Dong Energy took a final investment decision to begin construction on Hornsea Project One offshore wind project in the UK.
The new project is being developed with a capacity of 1.2GW and will provide electricity to around one million homes in the country.
The wind project is in line with the firm’s strategy of installing 6.5GW by 2020. The firm was awarded a contract for the project in April 2014.
Beijing Enterprises Holdings (BEHL) entered an agreement with EQT Infrastructure II (EQT) to acquire German-based EEW Energy from Waste (EEW), for approximately €1.4bn.
Claimed to be one of the largest energy-from-waste firms in the country, EEW operates 18 waste-incineration facilities.
The facilities generate process steam for industrial companies and district heating for residential areas, as well as environmentally compatible electricity for around 700,000 households.
Energinet.dk received approval from Danish energy, utilities and climate minister Lars Christian Lilleholt to invest in a new interconnection between the Eastern Danish and German electricity grids through the Baltic Sea.
The total budget of the interconnection is approximately €320m.
Any investments in the transmission grid exceeding kr100m ($14.9m) need to be approved by the minister, as per the Danish Act.
EDF Energy unveiled plans to extend the life of four UK nuclear power stations to meet the gap between electricity supply and demand in the country, amid challenging market conditions.
The move will protect jobs of nearly 2,000 permanent staff, as well as 1,000 contractors employed at the power plants.
The life of Heysham 1 and Hartlepool nuclear power stations will be extended by five years to 2024, and Heysham 2 and Torness will be extended by seven years to 2030.
India’s state-owned company Bharat Heavy Electricals Limited (BHEL) was set sign a contract to build a coal-fired power plant in Bangladesh at an estimated cost of $1.6bn.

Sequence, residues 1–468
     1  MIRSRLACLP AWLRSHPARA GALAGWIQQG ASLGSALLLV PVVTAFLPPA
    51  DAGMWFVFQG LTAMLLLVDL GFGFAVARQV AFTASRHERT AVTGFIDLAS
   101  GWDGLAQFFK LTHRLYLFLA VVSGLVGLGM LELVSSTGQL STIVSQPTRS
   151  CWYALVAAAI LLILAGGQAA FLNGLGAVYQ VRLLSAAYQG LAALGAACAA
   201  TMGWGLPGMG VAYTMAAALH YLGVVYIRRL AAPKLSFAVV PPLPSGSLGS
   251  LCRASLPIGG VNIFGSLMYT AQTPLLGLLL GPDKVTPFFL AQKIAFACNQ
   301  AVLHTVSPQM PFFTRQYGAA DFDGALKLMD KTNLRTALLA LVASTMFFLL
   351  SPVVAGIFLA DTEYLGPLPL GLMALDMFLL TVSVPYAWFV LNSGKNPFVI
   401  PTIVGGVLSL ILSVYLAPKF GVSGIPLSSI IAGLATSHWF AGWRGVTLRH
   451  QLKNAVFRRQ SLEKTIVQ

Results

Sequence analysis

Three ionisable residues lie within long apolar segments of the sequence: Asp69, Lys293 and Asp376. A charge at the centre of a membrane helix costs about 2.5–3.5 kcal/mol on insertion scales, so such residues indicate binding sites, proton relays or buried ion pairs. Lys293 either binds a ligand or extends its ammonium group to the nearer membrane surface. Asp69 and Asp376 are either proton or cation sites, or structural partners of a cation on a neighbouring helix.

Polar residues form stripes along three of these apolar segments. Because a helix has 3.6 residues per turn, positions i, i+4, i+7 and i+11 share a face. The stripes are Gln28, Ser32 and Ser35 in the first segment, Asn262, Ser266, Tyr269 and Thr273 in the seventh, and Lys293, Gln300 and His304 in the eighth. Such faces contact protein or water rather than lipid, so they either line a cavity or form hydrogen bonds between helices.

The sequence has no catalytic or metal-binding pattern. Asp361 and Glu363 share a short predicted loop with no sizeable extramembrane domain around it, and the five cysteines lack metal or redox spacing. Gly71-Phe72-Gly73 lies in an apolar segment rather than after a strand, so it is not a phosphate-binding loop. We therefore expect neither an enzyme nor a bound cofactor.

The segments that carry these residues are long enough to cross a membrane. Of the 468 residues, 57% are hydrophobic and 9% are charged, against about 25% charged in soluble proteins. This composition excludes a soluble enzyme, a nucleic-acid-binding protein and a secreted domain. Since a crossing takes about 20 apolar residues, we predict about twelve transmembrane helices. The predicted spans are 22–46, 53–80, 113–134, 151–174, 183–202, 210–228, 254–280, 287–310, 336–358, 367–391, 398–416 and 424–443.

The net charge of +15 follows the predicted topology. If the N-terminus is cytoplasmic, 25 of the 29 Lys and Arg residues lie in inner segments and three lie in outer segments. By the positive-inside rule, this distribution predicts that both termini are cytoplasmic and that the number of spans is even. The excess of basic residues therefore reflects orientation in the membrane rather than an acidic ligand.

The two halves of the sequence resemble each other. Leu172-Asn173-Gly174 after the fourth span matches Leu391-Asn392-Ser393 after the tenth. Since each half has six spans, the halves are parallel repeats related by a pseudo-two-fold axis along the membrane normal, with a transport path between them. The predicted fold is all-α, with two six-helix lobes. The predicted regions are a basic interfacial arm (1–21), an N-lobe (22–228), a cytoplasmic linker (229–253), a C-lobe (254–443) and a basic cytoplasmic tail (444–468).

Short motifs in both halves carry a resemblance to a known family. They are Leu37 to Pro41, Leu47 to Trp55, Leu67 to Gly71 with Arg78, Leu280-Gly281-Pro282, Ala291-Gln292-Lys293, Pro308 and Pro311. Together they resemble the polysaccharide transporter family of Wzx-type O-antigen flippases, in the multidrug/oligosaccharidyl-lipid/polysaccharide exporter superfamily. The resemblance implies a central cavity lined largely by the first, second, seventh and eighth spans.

BHEL was declared the lowest bidder for the construction of the 1,320MW Maitree super thermal power project in Rampal Upazila of Bagerhat District, Bangladesh.
In February last year, Bangladesh India Friendship Power Company (BIFPCL), a 50:50 joint venture between Indian power generation major NTPC and Bangladesh Power Development Board (BPDB), invited bids for the coal-fired thermal power plant.
China’s bioenergy giant Kaidi unveiled plans to construct a second-generation €1bn biofuel refinery in Ajos, Kemi, Finland.
Scheduled to be operational by 2019, the refinery is expected to generate 200,000t of biofuels per year, of which 75% will be used as biodiesel and 25% as biogasoline.
The second-generation biomass plant will use wood-based feedstock, such as energy wood, harvesting leftovers and remaining barks procured from the forest industry, to generate fuel.
Duke Energy started construction on the new 1,640MW combined-cycle natural gas plant in the US state of Florida on 2 March.
Upon completion, the plant is said to become the second largest generator for Duke Energy Florida, after the 1,912MW Hines Energy Complex near Bartow.
Phase I and phase II of the project, with an installed capacity of 820MW each, will become operational in spring 2018 and December 2018 respectively.
ScottishPower Renewables made a final investment decision to go ahead with the construction of £2.5bn East Anglia ONE Offshore windfarm off the Suffolk Coast.
The project is in line with the company’s strategy to meet the government’s cost reduction targets.
East Anglia ONE is expected to start services in 2020 and is the first of four wind farms that ScottishPower is planning to build off the east coast.
One person was killed and at least four were injured after the collapse of a former boiler house at Didcot A power station in Oxfordshire, UK.
A search-and-rescue (SAR) operation has been initiated to find three people, who are currently missing and unaccounted for.
The accident occurred on 23 February while the building was being prepared for demolition and an external demolition contractor was working in it.
Siemens was awarded a contract by the power grid service provider Danish Energinet.dk and its Dutch counterpart TenneT TSO, to supply a power link between the Dutch and Danish grids.
The estimated worth of Siemen’s share in the contract is €170m and the project is expected to commence at the beginning of 2019.
Siemens will provide two 700MW direct-current (HVDC) converter stations or a DC voltage of ±320kV at both sides of the DC power line, which will be routed as a subsea cable through the North Sea.